This is the "Emerging Biomarkers" section of the current issue of Evolving Paradigms In Bladder Cancer.
Many candidate biomarkers are originally detected by immunohistochemistry (IHC). Other methods for biomarker detection include enzyme-linked immunosorbent assay (ELISA), real-time polymerase chain reaction (RT-PCR), FISH, and more specialized assays.35,36 A select group of potential biomarkers being investigated for clinical application in bladder cancer:
Programmed death ligand 1 (PD-L1) is a coinhibitory repressor that negatively regulates T-cell responses. It is highly expressed in several cancers, including bladder cancer, and has been associated with localized stage advancement of urothelial carcinoma and attenuation of responses to BCG therapy.36-40Based on reports from a phase I study with the antiPD-L1 antibody atezolizumab (MPDL3280A)41in patients with metastatic bladder cancer demonstrating tumor shrinkage in 43% of patients with PD-L1-positive metastatic urothelial bladder cancer, the agent received a breakthrough therapy designation by the FDA.42Recently updated results from the phase II IMvigor210 trial43of atezolizumab in heavily pretreated patients with locally advanced or metastatic urothelial carcinoma reported a promising median overall survival (OS) of 7.9 months in the overall study population, and 11.9 months among patients whose tumors expressed medium and high levels of PDL1.44Testing for PD-L1 status is likely to be beneficial in determining patients who may benefit from antiPD-L1 therapy.
BLCA-4 is a nuclear matrix protein transcription factor that has been identified as an abundant bladder cancer-specific protein. Its overexpression has been determined to induce cell proliferation and the production of mediators involved in invasion and angiogenesis.45An investigational ELISA assay using urine samples is in development for BLCA-4 detection in individuals with a high risk for bladder cancer.16
Telomerase is an enzyme that maintains chromosomal integrity by preserving telomeric DNA that would otherwise be degraded during rapid cell division of cancer cells.46This enzyme is present in more than 80% of all cancer cells while not expressed in most healthy cells, indicating its potential for success as a bladder cancer biomarker. Telomerase reverse transcriptase mRNA is detected in exfoliated cells in urine by telomerase reverse transcriptase assays or a PCR-based telomeric repeat amplification protocol (TRAP).16 Telomerase has also been detected using IHC and has been found to independently associate with reduced recurrence-free survival and the development of invasive disease in patients treated with BCG therapy following TURBT.47Thus, telomerase expression may be useful for identifying patients who are at higher risk for recurrence and who might benefit from radical cystectomy.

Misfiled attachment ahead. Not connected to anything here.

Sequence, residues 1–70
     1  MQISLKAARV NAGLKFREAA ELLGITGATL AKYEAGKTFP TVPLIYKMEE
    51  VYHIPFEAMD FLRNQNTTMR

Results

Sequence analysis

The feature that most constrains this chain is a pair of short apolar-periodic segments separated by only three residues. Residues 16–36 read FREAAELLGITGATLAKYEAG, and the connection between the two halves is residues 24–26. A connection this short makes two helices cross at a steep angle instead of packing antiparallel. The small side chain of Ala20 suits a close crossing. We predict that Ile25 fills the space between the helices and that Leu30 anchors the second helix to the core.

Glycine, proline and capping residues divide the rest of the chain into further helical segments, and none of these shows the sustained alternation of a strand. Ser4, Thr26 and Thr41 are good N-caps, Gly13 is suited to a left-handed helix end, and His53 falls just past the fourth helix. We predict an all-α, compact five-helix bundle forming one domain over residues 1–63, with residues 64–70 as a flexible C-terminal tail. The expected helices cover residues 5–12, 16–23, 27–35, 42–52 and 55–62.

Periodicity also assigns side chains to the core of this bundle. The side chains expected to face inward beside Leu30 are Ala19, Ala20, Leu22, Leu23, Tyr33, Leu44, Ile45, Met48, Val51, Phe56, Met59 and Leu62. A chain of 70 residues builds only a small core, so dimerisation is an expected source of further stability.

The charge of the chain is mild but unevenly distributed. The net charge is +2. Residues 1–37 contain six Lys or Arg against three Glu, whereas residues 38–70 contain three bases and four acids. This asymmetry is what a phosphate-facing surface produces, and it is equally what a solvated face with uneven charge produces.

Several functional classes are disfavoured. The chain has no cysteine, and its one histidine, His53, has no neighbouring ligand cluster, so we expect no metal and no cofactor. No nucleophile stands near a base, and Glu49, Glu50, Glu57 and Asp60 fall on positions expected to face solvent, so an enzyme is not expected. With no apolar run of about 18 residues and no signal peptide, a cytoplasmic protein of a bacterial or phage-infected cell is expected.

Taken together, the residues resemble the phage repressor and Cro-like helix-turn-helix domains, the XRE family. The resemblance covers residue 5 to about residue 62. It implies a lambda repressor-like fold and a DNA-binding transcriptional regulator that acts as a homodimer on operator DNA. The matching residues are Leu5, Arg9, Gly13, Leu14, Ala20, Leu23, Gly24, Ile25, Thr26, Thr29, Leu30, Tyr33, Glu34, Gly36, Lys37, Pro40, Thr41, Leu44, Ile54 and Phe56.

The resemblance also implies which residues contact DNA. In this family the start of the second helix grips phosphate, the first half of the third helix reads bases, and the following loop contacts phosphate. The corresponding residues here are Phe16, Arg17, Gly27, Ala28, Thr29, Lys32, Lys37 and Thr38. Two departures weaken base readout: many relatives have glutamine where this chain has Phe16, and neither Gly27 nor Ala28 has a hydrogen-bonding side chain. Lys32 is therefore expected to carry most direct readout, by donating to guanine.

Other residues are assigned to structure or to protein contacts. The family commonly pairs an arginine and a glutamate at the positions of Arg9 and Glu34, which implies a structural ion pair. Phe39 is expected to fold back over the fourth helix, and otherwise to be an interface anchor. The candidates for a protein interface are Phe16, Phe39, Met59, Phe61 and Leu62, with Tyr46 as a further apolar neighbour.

Fibronectin is a glycoprotein that is expressed in cells, plasma, and the ECM and has been reported to be associated with bladder cancer. Bladder tumor fibronectin (BTF) is an assay that is being developed to measure urinary fibronectin for the detection of bladder cancer. One study has shown that BTF predicts residual tumor load following TURBT with high sensitivity (91.4%) and specificity (87.8%) in patients with suspected bladder cancer. Further investigation is under way to develop this assay and gain FDA approval.16
Survivin is a protein that inhibits apoptosis by blocking caspase activation. It has been detected by mRNA and protein in urine samples nearly exclusively in patients with bladder cancer compared with healthy individuals and has also been shown to be expressed by malignant epithelium.48Survivin has been reported as superior to NMP22 and cytology for bladder cancer detection, demonstrating better sensitivity, specificity, and both positive and negative predictive values.49However, a drawback of survivin measurements in the urine is the release of survivin by the healthy prostate.50Measuring the proportion of survivin that originates from the prostate may be challenging in men of varying prostate sizes.
FGFR3 is a fibroblast growth factor receptor (FGFR) that is commonly mutated or overexpressed in bladder cancer, resulting in increased cell proliferation. FGFR3 mutation is strongly associated with low-grade and low-stage bladder tumors and is linked to a favorable disease course with low features of clinical malignancy. Overexpression of wild-type FGFR3, however, is associated with invasive bladder cancers and activates Ras/ mitogen-activated protein kinase (MAPK) and phosphoinositide 3-kinase (PI3K) pathways, which are involved in cell proliferation and survival. FGFR3 can be detected in urine and is currently being developed into an assay for bladder cancer detection and prognosis.51
Matrix metalloproteinases (MMPs) are ECM degradation enzymes that play important roles in tumor cell invasion and metastasis. MMP2 has been studied for its role in invasive urothelial carcinoma due to its ability to degrade components of the bladder’s ECM, including type IV collagen, gelatin, and laminin. High levels of MMP expression measured by RT-PCR correlated with worse survival in patients with urothelial carcinoma.52Another study measured MMP2 protein expression by ELISA in serum samples in patients with urothelial carcinoma and determined that MMP2 expression was predictive of recurrence and advanced disease.53Currently, MMP2 measurement in urine is being developed as a marker of disease prognosis.25
This list of candidate biomarkers is by no means exhaustive. Several other molecular markers are also under investigation for bladder cancer, including hyaluronic acid, DNA methylation markers, gene expression signatures, cytokeratins, prothymosin alpha, soluble Fas, Reg1, p53, Rb, Ki67, and more.16,25,35